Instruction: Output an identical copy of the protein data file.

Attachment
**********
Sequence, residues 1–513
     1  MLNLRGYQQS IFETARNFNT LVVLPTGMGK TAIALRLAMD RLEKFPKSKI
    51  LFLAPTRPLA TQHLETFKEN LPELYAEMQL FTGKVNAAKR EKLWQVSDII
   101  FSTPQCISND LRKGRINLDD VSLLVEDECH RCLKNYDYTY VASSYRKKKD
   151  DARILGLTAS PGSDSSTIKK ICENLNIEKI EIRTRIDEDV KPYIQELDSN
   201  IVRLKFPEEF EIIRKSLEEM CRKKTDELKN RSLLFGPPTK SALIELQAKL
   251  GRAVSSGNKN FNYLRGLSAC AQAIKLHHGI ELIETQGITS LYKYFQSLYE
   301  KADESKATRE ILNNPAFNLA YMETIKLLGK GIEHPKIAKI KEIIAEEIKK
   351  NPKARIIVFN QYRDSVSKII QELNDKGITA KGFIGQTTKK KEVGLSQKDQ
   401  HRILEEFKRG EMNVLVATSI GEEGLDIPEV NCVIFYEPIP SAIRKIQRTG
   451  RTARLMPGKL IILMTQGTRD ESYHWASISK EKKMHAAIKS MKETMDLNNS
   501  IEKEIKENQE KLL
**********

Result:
Sequence, residues 1–513
     1  MLNLRGYQQS IFETARNFNT LVVLPTGMGK TAIALRLAMD RLEKFPKSKI
    51  LFLAPTRPLA TQHLETFKEN LPELYAEMQL FTGKVNAAKR EKLWQVSDII
   101  FSTPQCISND LRKGRINLDD VSLLVEDECH RCLKNYDYTY VASSYRKKKD
   151  DARILGLTAS PGSDSSTIKK ICENLNIEKI EIRTRIDEDV KPYIQELDSN
   201  IVRLKFPEEF EIIRKSLEEM CRKKTDELKN RSLLFGPPTK SALIELQAKL
   251  GRAVSSGNKN FNYLRGLSAC AQAIKLHHGI ELIETQGITS LYKYFQSLYE
   301  KADESKATRE ILNNPAFNLA YMETIKLLGK GIEHPKIAKI KEIIAEEIKK
   351  NPKARIIVFN QYRDSVSKII QELNDKGITA KGFIGQTTKK KEVGLSQKDQ
   401  HRILEEFKRG EMNVLVATSI GEEGLDIPEV NCVIFYEPIP SAIRKIQRTG
   451  RTARLMPGKL IILMTQGTRD ESYHWASISK EKKMHAAIKS MKETMDLNNS
   501  IEKEIKENQE KLL